Coach Puff Summers, assisting O’Reilly on the trip, reflected:

China was unbelievable for me. The whole process of us going to China was unbelievable. I saw guys commit themselves to getting in shape, working on. Their games in a. Country that usually uses the off-season as a time to drink and play Gaelic football. I needed to see it from a personal standpoint, because it legitimised what I’m trying to preach with Why Not Me? hoops–that if you’re willing to push yourself you can achieve things no one would have imagined. And yes, that sounds corny, but to quote my main man (and legend),Mark Scannell, “Who the f*** beats Russia???”

Summers noted the change of pace he experienced being on the coaching staff for this trip, but considers the experience to have been a positive one:

it was rewarding to watch guys figure things out and watch us slowly all buy in to the fact that we played a style of basketball that would allow us to be successful if we were disciplined and all did our individual jobs well. Seeing us consistently get open shots vs the fourteenth ranked team in the world (China) meant something. The fact that we missed so many open ones had to do with our non-professional status (amateurs obviously aren’t as crisp and can’t get up as many shots as full professionals), the fact that we hadn’t played in a international competition before which made the pace of games harder to adjust to, and the fact that those “open” looks really meant a guy running at you hard. In Ireland, an open shot means no one is within like 10 feet of you. So, the tournament was important because it defined the standard to which we want to play. It gave us an idea of how many bad habits we have to shed in our domestic league in order to really improve. And I think that will stand to the guys who went on the trip. I think those 12 guys will be better this coming season, and I think the guys who were on the outside looking in on that team will raise their standards to show that they, too, should have/could have been considered.

The senior men received a further boost when it was announced that a “Hibernia Basketball” team, effectively another National League select, would be allowed to compete in the second tier FIBA competition which launches this upcoming season.  Click here for details.  Surely a contender for the team, should the cards fall in place, Conor Meany commented that:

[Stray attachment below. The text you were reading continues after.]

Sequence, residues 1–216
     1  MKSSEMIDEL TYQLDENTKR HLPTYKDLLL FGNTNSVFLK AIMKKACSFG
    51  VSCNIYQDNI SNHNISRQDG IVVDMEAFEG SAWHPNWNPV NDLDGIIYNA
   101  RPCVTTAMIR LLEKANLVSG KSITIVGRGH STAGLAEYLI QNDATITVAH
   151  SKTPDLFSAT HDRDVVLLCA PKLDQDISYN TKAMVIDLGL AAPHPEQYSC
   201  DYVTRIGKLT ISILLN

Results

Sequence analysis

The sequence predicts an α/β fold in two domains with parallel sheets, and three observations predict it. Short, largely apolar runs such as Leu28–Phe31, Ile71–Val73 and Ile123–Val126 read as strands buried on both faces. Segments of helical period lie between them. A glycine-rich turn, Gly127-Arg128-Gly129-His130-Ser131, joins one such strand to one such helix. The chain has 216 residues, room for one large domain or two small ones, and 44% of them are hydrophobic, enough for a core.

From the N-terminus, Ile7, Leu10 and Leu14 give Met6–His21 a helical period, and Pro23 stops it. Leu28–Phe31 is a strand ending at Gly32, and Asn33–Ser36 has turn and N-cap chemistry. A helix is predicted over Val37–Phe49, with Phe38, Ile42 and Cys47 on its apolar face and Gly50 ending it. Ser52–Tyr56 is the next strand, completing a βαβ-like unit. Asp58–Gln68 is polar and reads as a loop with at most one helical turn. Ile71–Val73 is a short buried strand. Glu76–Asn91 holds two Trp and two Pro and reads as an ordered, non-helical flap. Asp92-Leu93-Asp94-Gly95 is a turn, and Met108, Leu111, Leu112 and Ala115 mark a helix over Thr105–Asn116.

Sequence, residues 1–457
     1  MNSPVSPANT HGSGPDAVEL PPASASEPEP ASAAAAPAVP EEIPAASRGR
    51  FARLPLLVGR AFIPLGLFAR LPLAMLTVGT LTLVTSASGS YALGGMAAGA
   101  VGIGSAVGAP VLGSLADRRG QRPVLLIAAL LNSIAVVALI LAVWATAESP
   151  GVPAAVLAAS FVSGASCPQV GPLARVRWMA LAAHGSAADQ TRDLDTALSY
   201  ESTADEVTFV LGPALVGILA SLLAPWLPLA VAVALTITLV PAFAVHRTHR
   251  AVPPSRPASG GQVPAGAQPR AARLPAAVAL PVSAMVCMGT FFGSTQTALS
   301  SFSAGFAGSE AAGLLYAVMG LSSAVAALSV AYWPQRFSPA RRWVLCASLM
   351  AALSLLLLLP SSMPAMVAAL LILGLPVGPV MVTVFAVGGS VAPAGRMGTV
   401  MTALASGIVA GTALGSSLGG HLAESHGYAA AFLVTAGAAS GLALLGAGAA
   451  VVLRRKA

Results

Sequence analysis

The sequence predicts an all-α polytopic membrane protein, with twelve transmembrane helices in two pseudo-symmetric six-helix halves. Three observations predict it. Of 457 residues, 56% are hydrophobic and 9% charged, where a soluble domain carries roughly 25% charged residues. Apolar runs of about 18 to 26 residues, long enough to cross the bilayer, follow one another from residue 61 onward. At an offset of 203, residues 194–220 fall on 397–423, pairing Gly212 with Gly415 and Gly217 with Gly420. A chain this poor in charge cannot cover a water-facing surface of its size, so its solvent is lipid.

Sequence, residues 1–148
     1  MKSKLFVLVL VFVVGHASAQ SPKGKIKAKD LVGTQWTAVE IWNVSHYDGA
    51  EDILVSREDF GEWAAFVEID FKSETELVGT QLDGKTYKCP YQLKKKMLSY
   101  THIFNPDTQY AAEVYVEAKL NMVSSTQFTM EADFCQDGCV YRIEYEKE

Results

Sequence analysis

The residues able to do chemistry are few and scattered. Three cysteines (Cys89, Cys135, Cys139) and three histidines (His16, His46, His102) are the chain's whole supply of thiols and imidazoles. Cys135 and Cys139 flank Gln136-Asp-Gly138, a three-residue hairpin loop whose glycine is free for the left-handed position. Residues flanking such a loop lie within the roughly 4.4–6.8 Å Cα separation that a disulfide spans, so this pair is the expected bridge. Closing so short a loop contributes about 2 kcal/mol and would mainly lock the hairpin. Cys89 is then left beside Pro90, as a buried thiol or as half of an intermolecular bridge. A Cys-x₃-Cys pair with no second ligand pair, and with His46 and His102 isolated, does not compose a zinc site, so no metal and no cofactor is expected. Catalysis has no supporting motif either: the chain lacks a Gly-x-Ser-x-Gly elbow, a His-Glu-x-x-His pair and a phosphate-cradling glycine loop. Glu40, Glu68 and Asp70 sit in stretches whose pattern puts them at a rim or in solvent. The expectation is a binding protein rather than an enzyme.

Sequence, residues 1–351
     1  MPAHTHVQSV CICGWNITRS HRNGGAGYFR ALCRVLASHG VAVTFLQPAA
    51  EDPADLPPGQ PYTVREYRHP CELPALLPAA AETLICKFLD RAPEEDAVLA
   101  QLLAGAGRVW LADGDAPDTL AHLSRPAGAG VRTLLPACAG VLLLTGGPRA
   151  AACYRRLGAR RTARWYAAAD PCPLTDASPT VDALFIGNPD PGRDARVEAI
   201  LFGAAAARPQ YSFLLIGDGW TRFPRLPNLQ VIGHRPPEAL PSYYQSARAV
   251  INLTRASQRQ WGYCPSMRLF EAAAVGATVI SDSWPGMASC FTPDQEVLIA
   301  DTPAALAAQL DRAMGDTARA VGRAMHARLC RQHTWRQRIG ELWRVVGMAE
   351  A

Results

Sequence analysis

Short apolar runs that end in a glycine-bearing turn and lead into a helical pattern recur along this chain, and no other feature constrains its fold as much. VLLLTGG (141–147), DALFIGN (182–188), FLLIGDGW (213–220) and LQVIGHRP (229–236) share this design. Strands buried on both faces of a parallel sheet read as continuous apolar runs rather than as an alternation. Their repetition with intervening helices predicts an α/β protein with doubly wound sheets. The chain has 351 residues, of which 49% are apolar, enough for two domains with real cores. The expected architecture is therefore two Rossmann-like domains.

Yeah the Hibernia team is an exciting development and great to see some new ideas for progressing the game here. The more opportunities guys have to play against top level talent the more the game will hopefully progress here. It also gives more incentive to younger guys to continue to push themselves to try and play top level basketball. Hopefully when the team plays in the arena the whole basketball community can come out and support them.

The China trip was important for Irish basketball and the development of the Hibernia team is another encouraging step in the right direction.  Almost an entire generation of Irish hooper has seen the national team pass them by.  Those who were not American enough to make the teams of the 00’s now find themselves in their early 30’s with, in most cases, demanding work schedules that limit their participation with their club sides.  These developments, provided they are capitalized upon, can ensure that the current crop of guys in the 20’s (and, yes, a few of the older heads still pounding the floors in the Premier League) will not miss out like their predecessors.

All in all, a good couple of weeks for Irish hoops!



Andrew was something of a latecomer to the game of basketball, having given up rugby after leaving high school. Joining Edinburgh’s fabled Pentland Tigers, he quickly moved on to the East Lothian Peregrines in the Scottish national league before moving to Belfast where he played with Queens and then with Belfast Star. After a year in the superleague, he moved back to Scotland and played with the Scottish Rocks in the BBL. He “retired” (the McDermott rule for using the word “retire” instead of “stopped playing” does require you to have been paid to play, so technically he retired) and moved to Seattle where he began life as an academic, which currently sees him working at University College Dublin. He is a legitimate non-frontrunning Miami Heat fan, having taken up following the team in 2001.